In more detail
The first in the series of documents issued by the PDPD was the publication of the Guide to Preparation of Personal Data Protection Notice – which aims to serve as a reference for data users in preparing simple, comprehensive and tailored privacy notices for compliance with the requirements of the Notice and Choice Principle under the Malaysian Personal Data Protection Act 2010 (PDPA).
It supplements obligations under the Notice and Choice Principle by requiring privacy notices to also state:
- if any sensitive personal data will be processed;
- if personal data of children below the age of 18 years will be processed;
- if there is any regulatory requirement to collect certain personal data;
- how long personal data will be retained in the processing;
- when will personal data be disposed of;
- what practical measures are taken to ensure personal data is secured;
- what security measures are taken to ensure any disclosure of personal data is safe and secure;
- the name of third parties to whom personal data is disclosed and for what purpose; and
- the effective and last revision dates of the privacy notice.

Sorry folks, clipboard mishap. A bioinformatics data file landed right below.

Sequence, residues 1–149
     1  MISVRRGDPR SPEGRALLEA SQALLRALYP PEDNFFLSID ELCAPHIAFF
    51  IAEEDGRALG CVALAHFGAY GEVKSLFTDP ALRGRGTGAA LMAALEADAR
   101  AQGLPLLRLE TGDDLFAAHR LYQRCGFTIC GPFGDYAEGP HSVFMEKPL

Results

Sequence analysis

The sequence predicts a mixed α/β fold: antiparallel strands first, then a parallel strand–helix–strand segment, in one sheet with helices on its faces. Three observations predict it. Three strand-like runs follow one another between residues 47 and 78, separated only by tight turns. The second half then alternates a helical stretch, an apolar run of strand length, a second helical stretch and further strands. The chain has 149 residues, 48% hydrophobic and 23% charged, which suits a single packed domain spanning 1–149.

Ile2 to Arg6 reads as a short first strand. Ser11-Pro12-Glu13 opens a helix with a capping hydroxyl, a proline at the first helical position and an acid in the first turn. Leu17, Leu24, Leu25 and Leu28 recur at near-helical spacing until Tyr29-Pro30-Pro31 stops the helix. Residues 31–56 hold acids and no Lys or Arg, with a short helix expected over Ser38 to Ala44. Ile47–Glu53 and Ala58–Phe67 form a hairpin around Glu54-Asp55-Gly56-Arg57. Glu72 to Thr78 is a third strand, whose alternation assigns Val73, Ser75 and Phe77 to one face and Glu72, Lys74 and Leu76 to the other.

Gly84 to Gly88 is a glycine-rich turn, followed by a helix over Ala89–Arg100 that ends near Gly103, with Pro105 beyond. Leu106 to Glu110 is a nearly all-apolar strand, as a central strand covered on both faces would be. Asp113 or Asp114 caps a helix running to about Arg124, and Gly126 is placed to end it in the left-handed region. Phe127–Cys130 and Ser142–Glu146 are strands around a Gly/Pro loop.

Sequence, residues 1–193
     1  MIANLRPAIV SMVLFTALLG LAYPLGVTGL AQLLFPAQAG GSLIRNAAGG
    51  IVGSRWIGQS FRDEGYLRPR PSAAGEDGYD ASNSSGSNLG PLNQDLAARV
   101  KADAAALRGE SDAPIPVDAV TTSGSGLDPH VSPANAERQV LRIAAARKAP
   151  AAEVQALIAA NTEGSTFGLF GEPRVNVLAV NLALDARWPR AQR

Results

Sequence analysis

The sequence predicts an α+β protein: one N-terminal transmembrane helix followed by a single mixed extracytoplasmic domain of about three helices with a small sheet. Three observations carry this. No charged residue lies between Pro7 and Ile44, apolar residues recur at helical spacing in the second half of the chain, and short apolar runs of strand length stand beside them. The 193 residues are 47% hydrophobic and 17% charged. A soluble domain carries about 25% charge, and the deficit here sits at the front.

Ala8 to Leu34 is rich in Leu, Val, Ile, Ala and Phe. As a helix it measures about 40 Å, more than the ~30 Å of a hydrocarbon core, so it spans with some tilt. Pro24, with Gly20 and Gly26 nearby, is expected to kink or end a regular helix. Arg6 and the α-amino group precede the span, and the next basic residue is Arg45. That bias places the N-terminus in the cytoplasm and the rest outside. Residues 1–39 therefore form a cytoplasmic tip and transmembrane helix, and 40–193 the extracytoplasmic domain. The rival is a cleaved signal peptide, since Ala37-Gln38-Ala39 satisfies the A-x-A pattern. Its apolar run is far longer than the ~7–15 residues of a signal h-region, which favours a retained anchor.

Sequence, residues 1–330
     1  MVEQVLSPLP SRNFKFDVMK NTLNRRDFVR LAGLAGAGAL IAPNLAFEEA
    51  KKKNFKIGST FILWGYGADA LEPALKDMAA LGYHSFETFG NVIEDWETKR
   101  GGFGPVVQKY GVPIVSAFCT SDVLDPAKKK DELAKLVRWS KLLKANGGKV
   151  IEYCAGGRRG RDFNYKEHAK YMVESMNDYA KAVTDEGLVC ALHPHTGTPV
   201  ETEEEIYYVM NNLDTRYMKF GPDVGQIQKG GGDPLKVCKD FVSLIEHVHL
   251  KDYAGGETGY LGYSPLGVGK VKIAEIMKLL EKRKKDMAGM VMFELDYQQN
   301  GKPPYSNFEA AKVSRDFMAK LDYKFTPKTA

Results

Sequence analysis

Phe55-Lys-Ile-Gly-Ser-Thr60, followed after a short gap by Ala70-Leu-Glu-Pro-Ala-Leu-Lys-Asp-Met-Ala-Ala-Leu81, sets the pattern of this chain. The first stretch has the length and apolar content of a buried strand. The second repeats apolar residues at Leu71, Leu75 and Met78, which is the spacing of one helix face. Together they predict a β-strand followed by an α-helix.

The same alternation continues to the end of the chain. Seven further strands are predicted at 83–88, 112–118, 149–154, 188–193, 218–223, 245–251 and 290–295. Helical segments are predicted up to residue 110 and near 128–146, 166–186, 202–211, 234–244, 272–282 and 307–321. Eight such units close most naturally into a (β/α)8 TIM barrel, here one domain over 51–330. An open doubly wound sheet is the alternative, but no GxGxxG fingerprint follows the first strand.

The guide also emphasises that a privacy notice serves to notify data subjects of how their personal data is being processed, and should therefore not be used as a platform to obtain consent (especially a blanket consent) for processing their personal data.
While the guide does not appear to have legal force, data users are nevertheless encouraged to abide by the requirements set out in the guide as best practice.
Codes of practice
In February 2022, the PDPD published two industry codes of practice:
Data users falling within the prescribed sectors above should note that non-compliance with the code of practice is an offence under the PDPA, punishable with a fine up to MYR 100,000 (~ USD 24,000) and/or imprisonment up to one year.
The Personal Data Protection Commissioner also released two circulars in February 2022, reminding prescribed classes of data users of their obligation under the PDPA to register with the PDPD and to renew their certificates of registration before expiry:
A list of the 13 prescribed classes of data users can be found in the first of the aforementioned circulars (only available in the local Malay language).
Where a data user falls within the prescribed classes, processing personal data without a certificate of registration is an offence under the PDPA, which may attract liability to a fine up to MYR 500,000 (~ USD 120,000) and/or imprisonment up to three years. Failure of renewal may also result in a fine up to MYR 250,000 (~ USD 60,000) and/or imprisonment up to two years.
These latest developments suggest an increasingly proactive stance being taken by the PDPD in enforcing and promoting compliance with the PDPA. Given the pace of data privacy reforms globally and in the region, businesses should continue to monitor developments under Malaysia's data privacy regime.
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